Elise Bonder

Name: Elise Bonder

 Age: 32

Hometown: Ottawa, ON

What was your diagnosis?  Colon Cancer

What school did/do you attend?  University of Ottawa

What is your career goal? To be fulfilled and to help others enjoy the most of their life.

What is/was your occupation? Aquatic Manager

 

Your cancer experience:

How did you find out you were sick? What led to your diagnosis?
For months, I saw my fitness level decline. It got so bad, it was hard to go for a walk without my heart rate going into the 150s.  A flight of stairs would get me in the 200s and it would stay high for an hour! I complained to my doctor that I was tired all the time. She did some tests and bloodwork and called me back a few days later. I was sitting in a hotel room in Las Vegas waiting to pick up a puppy and fly back home and she tells me I’m so anemic I’m at risk of having a heart attack.

My first thought was “I hope my travel insurance is good!” Fast forward three flights home with a new puppy, “Ride,” an overnight emergency stay for a blood transfusion, a month of waiting for a scope, colonoscopy prep, upper endoscopy and colonoscopy and BAM, YOU HAVE CANCER. And yet, it didn’t feel like that. The surgeon said, “There is a very large 10 cm mass; it’s most certainly cancer. I took lots of biopsies of it and we’ll call you with results soon.”

By the time I heard it was officially cancer, I’d come to terms with it.  The journey began.

What year was it? What was your age at the time? January 2012; I was 30.

In which hospital were you treated? Ottawa General

At what level of education were you at diagnosis? I had finished university.

What were your first thoughts when diagnosed?
Somehow, I was not stunned. I thought “Why wouldn’t it be me? What makes me so special that I can’t get cancer?”

How did your family react?
My mother was devastated. My husband: devastated. My brother: in utter shock. My dad passed in 2010; I’m thankful he wasn’t here because the diagnosis would have crushed him. Instead, he was sitting with me, knowing it would be ok.

How did your friends react?
My friends were simply amazing. They reached out to make every aspect of my journey easier. I can’t imagine life without them.

What did your treatment consist of?
I had a right hemicolectomy (remove right side of colon) with reattachment right away (no colostomy).  Then eight rounds of chemo (Xeloda) including grueling hand and foot syndrome.

I won’t lie and say that any of it was any fun, but I learned a lot about myself.  I’m tougher than I ever thought I could be.  I’m more positive than I ever imagined I would be. Surgery and chemo pushed me evaluate what is really important to me and to put those things to the forefront of my life.

What is your current medical status? NED–No Evidence of Disease

How is life different for you now post diagnosis?
During my treatment phase, I was really positive and took things pretty easy. Each day, the goal was just to walk and train in dogs, take a shower and eat healthy meals. Most days, most of those things happened! Some days, none of those things happened!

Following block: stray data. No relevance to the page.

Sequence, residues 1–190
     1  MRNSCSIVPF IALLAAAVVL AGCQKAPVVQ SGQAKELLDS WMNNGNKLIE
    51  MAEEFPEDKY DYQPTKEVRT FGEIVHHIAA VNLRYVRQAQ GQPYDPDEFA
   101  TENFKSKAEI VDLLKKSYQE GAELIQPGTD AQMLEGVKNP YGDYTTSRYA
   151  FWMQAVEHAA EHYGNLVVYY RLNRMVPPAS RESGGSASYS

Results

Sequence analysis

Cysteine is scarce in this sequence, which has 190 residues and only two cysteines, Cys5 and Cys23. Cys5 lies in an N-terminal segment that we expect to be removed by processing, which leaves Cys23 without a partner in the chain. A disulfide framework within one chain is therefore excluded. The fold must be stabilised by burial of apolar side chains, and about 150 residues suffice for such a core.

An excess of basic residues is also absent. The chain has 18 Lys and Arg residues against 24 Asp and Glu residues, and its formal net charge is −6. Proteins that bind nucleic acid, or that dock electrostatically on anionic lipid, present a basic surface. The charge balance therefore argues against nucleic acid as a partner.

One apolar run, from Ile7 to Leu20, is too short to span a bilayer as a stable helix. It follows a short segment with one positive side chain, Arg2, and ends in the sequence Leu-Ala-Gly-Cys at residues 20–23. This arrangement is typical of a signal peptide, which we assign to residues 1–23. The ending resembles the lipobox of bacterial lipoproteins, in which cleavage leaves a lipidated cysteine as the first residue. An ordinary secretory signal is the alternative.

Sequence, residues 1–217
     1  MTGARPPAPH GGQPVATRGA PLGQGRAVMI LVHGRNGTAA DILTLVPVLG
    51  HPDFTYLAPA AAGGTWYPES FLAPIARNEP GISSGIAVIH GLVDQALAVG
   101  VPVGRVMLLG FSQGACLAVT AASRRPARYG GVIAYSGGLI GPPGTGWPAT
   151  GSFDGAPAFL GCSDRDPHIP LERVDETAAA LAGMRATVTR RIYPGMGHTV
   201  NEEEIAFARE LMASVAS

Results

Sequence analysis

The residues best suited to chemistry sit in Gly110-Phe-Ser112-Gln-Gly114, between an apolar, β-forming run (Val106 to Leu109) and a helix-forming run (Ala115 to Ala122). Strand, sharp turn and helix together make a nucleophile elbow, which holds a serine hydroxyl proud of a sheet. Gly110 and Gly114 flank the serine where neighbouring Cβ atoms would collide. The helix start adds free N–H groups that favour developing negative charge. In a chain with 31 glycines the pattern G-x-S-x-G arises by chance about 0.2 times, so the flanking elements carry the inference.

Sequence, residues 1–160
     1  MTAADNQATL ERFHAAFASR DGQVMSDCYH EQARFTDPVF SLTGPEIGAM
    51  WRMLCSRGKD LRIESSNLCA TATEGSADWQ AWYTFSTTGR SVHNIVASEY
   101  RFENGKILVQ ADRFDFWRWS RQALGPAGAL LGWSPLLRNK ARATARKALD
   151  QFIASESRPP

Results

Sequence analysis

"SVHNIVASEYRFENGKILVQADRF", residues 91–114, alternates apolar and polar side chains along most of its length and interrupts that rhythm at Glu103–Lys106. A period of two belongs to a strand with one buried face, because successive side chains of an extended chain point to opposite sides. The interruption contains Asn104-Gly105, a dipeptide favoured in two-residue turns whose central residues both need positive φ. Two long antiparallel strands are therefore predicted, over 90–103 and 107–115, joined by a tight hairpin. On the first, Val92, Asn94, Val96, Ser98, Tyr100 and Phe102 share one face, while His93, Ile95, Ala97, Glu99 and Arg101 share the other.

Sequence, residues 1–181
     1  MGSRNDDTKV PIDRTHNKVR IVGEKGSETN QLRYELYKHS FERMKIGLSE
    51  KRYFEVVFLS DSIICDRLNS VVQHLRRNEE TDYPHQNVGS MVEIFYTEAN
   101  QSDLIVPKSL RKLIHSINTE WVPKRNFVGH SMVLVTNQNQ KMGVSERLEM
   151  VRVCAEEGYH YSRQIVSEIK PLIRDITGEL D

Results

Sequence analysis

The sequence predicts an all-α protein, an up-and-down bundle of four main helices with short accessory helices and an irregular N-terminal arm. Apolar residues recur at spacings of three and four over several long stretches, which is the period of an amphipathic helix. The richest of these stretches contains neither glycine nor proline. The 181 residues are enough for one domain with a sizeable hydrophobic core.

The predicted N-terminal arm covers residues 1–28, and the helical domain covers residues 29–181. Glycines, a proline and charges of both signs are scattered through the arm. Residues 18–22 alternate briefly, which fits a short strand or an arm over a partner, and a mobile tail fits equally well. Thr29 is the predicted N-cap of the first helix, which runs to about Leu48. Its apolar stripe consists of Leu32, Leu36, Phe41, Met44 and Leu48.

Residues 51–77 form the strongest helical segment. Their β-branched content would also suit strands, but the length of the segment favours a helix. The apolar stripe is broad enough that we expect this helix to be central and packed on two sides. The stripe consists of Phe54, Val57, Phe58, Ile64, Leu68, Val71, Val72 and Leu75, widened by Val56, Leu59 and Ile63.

Once I finished active treatment, cancer forced me to look at every aspect of my life to decide “Is this good enough?” I scrutinized every aspect of my life and wanted to make it perfect. Eating well wasn’t good enough anymore; I wanted to eat “perfect.” Being fit wasn’t good enough; I wanted to be super-fit. Paying off my mortgage wasn’t good enough; I wanted it gone now. I had to take a big step back and relax! Now, 14 months out of chemo, I am still finding balance in all these things. I don’t want to feel as though I wasted my second chance at life.

What is the toughest part of your challenge?
Living everyday and not being afraid of tomorrow.  Being out of active treatment but not having reached five years is scary. I know what the odds are of still being alive in five years; they’re good, but they’re not great. The challenge is living life to its fullest despite the fear, the uncertainty, the tests, the scans.

What was the best lesson you took away from your challenge?
Life is undeniably beautiful when you open your eyes and look. A single snowflake; the smile of the stranger who poured your coffee; and my favourite, the sky. Sunrises, bright sun, rain, cold air, sunsets, and STARS!

What really motivated you to keep going while you were sick?
My young puppy who came home the day I was sick and was with me every single day. He deserved a walk and a training session every day.

What are your thoughts and feelings about your illness now? Have they changed since before your diagnosis?
I can’t say I’d ever really thought of colon cancer before. Cancer hadn’t touched me personally before I was diagnosed. I have no friends or family with it. I’m the first.

What are some preventative measures that people can take to lower their risk of having an experience like yours?
My experience was good overall. My surgery was successful and healed nicely. I managed chemo ok despite some hiccups. I consider myself lucky.

Did you attend any support groups during your challenge?
I used the Colon Club’s cancer forum at lot to connect with others. It was a place where having colon cancer was normal! After I was done chemo, I connected with YACC and found home in so many ways. YACC is a place where the people who don’t have cancer are a minority, where everyone has dealt with the same load of crap as you. Home XOX

Are you interested in helping others facing cancer challenges?
Yes!